Photo by Andrea Piacquadio

Lee SlatonBy Lee Slaton, Vice President of Healthcare; Smart Training

How many of you practice owners have considered what effect it would have on your business if you suddenly had to shut down for a couple of weeks to deal with a ransomware attack?

An April 22, 2023, cyberattack on a Tennessee clinic forced it to completely shut down operations for approximately two weeks to contain an attack and restore its IT systems.

It’s common for healthcare organizations to perform an emergency shutdown of the network to contain a cyberattack and limit the harm caused, and to operate under emergency procedures with staff recording patient information manually while systems are out of action.

This was the case here: the network was rapidly shut down to contain the attack, and third-party cybersecurity experts were engaged to assist with the investigation and recovery from the attack. The clinic has also been working with law enforcement to investigate the incident.

While those processes were completed, the decision was made to close all operations. Fortunately, the quick action taken in response to the security breach limited the damage, and work has continued round-the-clock to safely bring systems back online and enhance security controls.

The clinic planned to reopen on a limited basis on May 3, 2023, and restore full operations shortly thereafter; however, the recovery process took longer than planned. On May 5, 2023, all procedures were canceled, and the clinic remained closed, although phone lines were restored.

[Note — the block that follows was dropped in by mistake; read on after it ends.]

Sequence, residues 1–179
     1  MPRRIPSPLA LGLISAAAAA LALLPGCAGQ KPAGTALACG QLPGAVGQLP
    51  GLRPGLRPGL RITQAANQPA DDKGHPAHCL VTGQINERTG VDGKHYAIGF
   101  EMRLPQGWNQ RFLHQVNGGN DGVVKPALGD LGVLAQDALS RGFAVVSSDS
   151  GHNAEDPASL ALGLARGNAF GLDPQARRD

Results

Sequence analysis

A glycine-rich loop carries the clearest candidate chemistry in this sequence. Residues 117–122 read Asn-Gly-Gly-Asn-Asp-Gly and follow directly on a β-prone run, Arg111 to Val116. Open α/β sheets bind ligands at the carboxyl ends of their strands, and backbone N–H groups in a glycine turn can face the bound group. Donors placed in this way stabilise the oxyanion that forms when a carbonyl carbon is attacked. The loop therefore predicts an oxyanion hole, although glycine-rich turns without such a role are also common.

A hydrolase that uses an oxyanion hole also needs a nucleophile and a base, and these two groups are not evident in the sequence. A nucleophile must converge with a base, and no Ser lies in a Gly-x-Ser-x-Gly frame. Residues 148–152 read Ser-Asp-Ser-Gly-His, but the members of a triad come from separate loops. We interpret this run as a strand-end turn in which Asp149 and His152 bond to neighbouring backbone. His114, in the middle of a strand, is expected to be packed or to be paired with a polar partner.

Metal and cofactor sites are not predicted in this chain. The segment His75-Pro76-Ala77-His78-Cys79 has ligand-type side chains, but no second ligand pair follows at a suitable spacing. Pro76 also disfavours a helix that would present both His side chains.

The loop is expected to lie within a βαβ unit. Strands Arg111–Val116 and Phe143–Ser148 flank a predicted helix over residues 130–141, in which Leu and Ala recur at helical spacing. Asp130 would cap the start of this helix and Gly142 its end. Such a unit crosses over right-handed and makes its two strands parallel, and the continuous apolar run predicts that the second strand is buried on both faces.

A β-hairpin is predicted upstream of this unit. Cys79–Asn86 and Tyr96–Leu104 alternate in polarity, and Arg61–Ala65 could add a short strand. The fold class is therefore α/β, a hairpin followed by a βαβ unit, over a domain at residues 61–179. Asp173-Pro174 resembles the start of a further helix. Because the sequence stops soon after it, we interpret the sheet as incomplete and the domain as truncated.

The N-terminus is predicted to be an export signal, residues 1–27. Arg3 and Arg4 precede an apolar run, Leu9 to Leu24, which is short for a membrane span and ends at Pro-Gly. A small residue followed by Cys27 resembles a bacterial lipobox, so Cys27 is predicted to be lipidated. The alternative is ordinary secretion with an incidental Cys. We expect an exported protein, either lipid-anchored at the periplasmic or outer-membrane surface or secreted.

On Monday, May 8, 2023, some scheduled appointments went ahead as planned, though operations remained limited.

A Similar Case in Texas

In 2019, a single-location practice in North Texas had to pause operations due to two separate ransomware attacks that occurred over a two-month period. Each caused the practice to shut down for over a week.

The bad news is the practice lost over two weeks’ worth of production and immeasurable patient goodwill. The good news is that the business had an excellent set of office procedures in place, including full-system backups performed each evening. With the backups, the practice was able to completely restore their system in both instances.

In each occurrence, the practice either wiped their hardware clean or replaced the hardware and restored from their backups. It “only” had to recreate the data for the patients seen on the days the attacks occurred. Sounds like a simple but time-consuming solution, right? Yes and no. Would you want to have your practice experience this not once, but twice? Sitting here reading this, how confident are you that your practice is equipped to deal with a ransomware attack?

If you have more questions than answers; if you suddenly have that nagging doubt in your gut as you’re reading this, good! That’s the first step in addressing a potentially business-killing problem: acknowledging you have a problem in that your office isn’t equipped to deal with a ransomware attack. Fortunately, there are people who can help you prepare. Smart Training has one of the less than 40 certified HIPAA professionals in the country who’s an expert in assisting practices in protecting against ransomware attacks. Smart Training has procedures in place to deal with an attack, should one occur in spite of steps taken. If you’re not sure how your practice is equipped to deal with a ransomware attack, give Smart Training a call—it’s what they do.